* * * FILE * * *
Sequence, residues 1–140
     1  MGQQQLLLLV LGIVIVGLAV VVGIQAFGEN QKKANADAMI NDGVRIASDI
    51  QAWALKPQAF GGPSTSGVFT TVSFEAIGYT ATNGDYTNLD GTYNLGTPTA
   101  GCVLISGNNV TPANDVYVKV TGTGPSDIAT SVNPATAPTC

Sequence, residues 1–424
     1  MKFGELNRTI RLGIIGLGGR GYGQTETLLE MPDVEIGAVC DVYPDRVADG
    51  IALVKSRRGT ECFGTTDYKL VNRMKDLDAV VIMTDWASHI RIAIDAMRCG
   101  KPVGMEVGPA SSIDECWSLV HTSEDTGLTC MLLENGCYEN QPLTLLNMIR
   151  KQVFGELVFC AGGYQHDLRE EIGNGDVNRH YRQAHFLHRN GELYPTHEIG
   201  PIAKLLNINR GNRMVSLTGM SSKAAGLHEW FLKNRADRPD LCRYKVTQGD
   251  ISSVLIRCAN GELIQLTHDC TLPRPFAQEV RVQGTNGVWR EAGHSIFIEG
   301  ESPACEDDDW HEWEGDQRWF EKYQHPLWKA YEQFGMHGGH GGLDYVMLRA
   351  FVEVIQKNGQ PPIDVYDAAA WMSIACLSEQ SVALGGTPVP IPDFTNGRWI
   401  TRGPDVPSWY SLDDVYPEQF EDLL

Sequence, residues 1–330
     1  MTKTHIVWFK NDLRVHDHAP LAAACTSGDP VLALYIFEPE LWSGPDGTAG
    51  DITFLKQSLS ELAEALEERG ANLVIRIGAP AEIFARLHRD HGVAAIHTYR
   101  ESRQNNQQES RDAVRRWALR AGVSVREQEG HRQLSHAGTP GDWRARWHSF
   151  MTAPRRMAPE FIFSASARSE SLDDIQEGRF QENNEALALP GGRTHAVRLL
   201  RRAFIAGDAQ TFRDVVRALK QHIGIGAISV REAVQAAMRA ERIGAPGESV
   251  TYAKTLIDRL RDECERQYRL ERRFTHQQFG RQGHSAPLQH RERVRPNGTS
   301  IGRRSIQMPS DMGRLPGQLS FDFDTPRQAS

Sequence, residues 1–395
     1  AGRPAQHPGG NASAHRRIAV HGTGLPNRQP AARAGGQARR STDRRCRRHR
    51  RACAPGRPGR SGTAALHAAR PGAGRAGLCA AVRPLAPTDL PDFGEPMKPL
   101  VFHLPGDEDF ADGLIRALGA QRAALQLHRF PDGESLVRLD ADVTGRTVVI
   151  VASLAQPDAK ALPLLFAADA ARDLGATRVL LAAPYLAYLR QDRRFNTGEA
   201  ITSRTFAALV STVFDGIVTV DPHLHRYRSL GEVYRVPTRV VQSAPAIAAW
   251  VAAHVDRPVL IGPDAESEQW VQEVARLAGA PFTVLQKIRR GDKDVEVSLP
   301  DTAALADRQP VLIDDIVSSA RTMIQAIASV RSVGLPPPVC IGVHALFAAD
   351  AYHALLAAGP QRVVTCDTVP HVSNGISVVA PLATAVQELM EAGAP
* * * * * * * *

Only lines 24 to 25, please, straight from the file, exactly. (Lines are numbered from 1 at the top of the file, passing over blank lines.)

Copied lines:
     1  AGRPAQHPGG NASAHRRIAV HGTGLPNRQP AARAGGQARR STDRRCRRHR
    51  RACAPGRPGR SGTAALHAAR PGAGRAGLCA AVRPLAPTDL PDFGEPMKPL